KIHION O MANABU – From the book Flashing Steel
There is always a great temptation, particularly for beginners, to learn the flashy, fancy, or difficult techniques of any martial art. It is natural for you to feel this way. Especially if you have a desire to excel…and truly master it. However, your primary emphasis must be on the fundamentals.
It is true with any martial art that a practitioner who has truly mastered the basics will handily defeat one who has trained in advanced techniques after having only cursory knowledge of the fundamentals. If you understand the true nature of basic techniques, it is easy to see why this is universally true.
Basics are no more or no less than the ideal technique as it would be performed under ideal circumstances. Fundamentals demonstrate the perfect method of maximizing power, balance, self-protection, and effectiveness of technique. It is only after you have mastered performing under such ideal conditions that you can learn how to best adapt basic techniques to less than ideal circumstances.
It is also a mistake to assume that basics are only for beginners. Emphasis on fundamentals must be a lifelong habit. Anyone who has studied the lives of the great martial arts masters has observed that, without exception, they have shared a continuing passion for improving their basics.
This is not about chaos theory. The is about the metamorphosis of the caterpillar into the butterfly. We might feel sorry for the butterfly as it strains and struggles to break free of its cocoon. We may be tempted to help by peeling away the cocoon, so the butterfly can get out more easily. And while that indeed may work, it could have dire consequences for the butterfly. It may not be able to fly. You see, the strain and struggle make the butterfly stronger. Strong enough to spread its wings and take flight.
It’s the same in Aikido training. Repetition, persistence, determination and especially overcoming frustration go a long way toward mastering a throw. Besides raising your skill level, you also gain invaluable insight. Skill and insight much deep than if a sensei simply gave you all the answers.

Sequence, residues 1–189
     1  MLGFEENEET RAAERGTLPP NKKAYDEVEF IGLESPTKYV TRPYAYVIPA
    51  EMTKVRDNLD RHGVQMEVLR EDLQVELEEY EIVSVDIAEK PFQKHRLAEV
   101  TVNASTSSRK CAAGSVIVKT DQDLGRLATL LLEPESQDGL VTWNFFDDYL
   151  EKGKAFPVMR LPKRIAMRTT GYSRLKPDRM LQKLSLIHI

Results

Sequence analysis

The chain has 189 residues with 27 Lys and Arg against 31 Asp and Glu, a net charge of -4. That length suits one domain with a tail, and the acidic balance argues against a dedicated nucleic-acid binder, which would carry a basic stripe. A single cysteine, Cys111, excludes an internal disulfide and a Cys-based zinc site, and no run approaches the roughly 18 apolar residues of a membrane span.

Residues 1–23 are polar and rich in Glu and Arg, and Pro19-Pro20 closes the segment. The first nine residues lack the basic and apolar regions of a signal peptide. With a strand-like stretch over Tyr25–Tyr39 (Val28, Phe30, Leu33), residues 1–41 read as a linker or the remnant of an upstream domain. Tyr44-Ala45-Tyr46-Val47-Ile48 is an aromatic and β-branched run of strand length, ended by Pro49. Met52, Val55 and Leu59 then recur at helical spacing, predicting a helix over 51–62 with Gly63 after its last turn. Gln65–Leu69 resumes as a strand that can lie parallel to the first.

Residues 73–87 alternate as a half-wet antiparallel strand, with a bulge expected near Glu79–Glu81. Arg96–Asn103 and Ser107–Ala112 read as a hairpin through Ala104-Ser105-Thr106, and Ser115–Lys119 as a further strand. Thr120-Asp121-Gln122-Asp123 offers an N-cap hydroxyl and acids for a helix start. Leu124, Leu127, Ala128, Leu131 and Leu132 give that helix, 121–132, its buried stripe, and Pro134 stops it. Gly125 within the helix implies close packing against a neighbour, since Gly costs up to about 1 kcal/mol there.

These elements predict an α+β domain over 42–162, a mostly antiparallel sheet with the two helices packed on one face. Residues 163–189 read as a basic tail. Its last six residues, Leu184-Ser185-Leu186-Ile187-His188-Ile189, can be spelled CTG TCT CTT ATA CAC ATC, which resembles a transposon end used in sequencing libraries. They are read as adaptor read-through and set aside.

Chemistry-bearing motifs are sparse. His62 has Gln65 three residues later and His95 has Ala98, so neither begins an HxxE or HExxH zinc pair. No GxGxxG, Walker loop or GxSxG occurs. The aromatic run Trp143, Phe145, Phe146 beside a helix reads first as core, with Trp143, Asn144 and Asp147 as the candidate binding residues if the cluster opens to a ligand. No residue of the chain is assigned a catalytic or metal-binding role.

So, the next time you feel you’re not making progress, keep at it, you may be on the verge of breaking out of your cocoon.
Pay us a visit and learn more about Shin Shin Toitsu Aikido. It differs from many other styles of Aikido by demonstrating how the power of the mind influences the body and makes techniques more flowing and powerful. So practice is not only good for the body, but the mind as well.
Come and watch a class or take a free class. Ask plenty of questions. We have a welcoming and friendly atmosphere. Aikido helps us live in harmony, not only with others, but ourselves, as we learn how thoughts and feelings affect our movements and our daily lives. The goal is not to harm others or gratify one’s ego.
Learn a skill that you can keep for a lifetime. Read our Frequently Asked Questions (FAQ) page to learn more. Feel free to write or call us to ask any questions. South Mountain Aikido is a member of the Midland Ki Federation of the Ki Society. Our Chief Instructor is Koichi Kashiwaya Sensei, 8th Dan. See the pictures from our October training camp in Frederick.
Our teaching philosophy: “Spare no effort when you teach. You advance as your students advance. Do not be impatient when you teach. No one can learn everything well at one time. Perseverance is important in teaching, as are patience, kindness and the ability to put yourself in your students’ place.” – Tohei Sensei.
Ego can be the biggest obstacle to learning. It’s not always about you. Help others learn. They are just as part of creation as you. Accept that you don’t know, but be willing to learn. Realize that you may not understand a concept or a throw in a single class. It may take a week, a month, a year or a lifetime. Best to figure on a lifetime. Don’t blame others if you don’t understand. Maybe your mind just isn’t ready. The epiphany will come in due time and it will mean so much more. Be joyful in your practice. Play. The world benefits more from your joy than your black belt. You’ll be remembered by how you make others feel, not by your rank.
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The time has come to take a free class or at least watch a class. Besides learning new skills, you’ll meet some great people. And it’s very affordable. Stop by and say hello. No obligation. Our students range in age from 13 to 71. Where do you fit in? Hope to see you soon!
The 2013 Fall edition contains an article on aikido by Joe De Capua, head instructor at South Mountain. It’s a general overview of the martial art.
You can also read the article online at by clicking the link below.
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